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Linux Journal: Linux in Education, Linux Goes to Algebra Class

Jan 29, 2000, 15:44 (1 Talkback[s])
(Other stories by Gail Fultz)

"How about automatically generated tests, presented to cover specific material the student has mastered since the last test? Consider the increased teacher productivity that could result from all students working independently on material specific to their needs, and grades being managed by a gradebook feature. How about the luxury of being able to schedule students assigned to Pre-algebra, Algebra I and Algebra II into one computer lab during the same period of time? What about the advantage for students mastering a section of material before they move on, so as to avoid of misunderstanding showing up in a later course? Consider the convenience of having the program automatically download enhancements and additional courseware as they become available. Imagine all this, along with a mechanism for teachers and students to communicate directly with program developers."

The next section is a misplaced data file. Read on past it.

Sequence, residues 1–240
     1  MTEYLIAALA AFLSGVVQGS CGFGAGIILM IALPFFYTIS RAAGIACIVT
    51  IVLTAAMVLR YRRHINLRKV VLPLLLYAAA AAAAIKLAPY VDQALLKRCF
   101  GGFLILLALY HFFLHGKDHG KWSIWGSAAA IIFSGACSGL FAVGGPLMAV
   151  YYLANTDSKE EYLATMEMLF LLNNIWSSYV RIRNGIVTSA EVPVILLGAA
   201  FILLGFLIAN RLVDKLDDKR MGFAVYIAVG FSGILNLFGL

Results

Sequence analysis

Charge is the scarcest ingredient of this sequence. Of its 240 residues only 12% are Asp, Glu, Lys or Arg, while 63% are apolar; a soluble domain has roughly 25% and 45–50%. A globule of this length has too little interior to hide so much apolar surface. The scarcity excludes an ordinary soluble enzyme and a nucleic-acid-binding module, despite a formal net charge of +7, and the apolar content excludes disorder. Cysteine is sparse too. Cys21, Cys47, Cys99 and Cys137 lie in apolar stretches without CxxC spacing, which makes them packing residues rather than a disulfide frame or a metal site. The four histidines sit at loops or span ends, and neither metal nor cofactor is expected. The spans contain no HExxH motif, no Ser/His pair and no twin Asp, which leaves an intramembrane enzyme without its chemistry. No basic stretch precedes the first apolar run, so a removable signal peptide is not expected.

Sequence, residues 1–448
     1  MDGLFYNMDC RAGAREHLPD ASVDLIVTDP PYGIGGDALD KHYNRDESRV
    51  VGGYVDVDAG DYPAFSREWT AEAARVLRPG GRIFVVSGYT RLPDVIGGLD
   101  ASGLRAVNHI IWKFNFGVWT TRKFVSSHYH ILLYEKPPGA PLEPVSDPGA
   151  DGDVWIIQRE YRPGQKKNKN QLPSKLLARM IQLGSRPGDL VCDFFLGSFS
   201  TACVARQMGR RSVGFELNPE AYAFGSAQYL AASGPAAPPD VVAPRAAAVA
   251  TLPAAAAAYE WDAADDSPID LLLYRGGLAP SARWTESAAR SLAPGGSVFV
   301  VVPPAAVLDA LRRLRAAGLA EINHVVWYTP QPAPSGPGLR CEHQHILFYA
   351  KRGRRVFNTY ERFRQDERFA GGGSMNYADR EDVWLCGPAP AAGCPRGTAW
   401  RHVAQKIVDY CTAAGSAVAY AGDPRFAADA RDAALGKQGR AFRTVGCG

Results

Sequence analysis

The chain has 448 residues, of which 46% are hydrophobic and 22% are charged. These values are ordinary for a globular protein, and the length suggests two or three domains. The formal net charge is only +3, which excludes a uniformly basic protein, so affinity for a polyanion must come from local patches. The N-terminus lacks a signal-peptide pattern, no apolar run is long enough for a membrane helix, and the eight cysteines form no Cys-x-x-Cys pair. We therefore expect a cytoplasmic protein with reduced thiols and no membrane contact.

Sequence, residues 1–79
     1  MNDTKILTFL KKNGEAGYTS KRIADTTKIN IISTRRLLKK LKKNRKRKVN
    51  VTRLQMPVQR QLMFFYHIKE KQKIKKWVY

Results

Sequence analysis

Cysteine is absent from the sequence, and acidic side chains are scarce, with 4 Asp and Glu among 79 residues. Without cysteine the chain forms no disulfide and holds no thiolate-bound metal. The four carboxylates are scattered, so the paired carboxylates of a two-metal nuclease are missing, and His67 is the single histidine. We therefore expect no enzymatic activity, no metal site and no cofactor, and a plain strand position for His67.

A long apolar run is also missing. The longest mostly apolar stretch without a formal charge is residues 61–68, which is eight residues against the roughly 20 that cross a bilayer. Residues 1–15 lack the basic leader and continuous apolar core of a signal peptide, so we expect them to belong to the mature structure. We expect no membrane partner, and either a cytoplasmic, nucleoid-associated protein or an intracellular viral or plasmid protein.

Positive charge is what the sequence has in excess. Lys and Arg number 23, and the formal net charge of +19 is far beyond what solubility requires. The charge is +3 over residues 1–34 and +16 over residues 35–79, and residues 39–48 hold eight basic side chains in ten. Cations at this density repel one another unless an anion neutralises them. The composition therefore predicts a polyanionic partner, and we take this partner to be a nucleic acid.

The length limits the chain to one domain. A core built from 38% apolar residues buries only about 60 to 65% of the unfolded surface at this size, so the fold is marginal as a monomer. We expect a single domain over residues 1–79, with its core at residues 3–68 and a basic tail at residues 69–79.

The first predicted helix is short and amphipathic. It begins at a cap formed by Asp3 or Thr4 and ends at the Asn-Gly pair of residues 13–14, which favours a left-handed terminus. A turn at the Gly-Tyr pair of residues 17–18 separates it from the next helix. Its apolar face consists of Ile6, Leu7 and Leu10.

"Do these features sound like a math teacher's dream? They're a reality with the development of Learning Logic (L2). A self-paced, computerized algebra program, Learning Logic is currently being used in algebra classrooms in twelve U.S. states and runs on a Red Hat 5.2 Linux platform...."

"Why Linux? For starters, it's a free operating system! The source is freely available, so if there is a need to fix something, it can be done without external assistance. It's also much easier to debug. Linux has message and error logs to indicate specific problems, and if that doesn't work, one can always read the core files. It comes with networking built in, so there is no need for third-party software. Compilers and development libraries already exist, so there is no need to buy expensive libraries."

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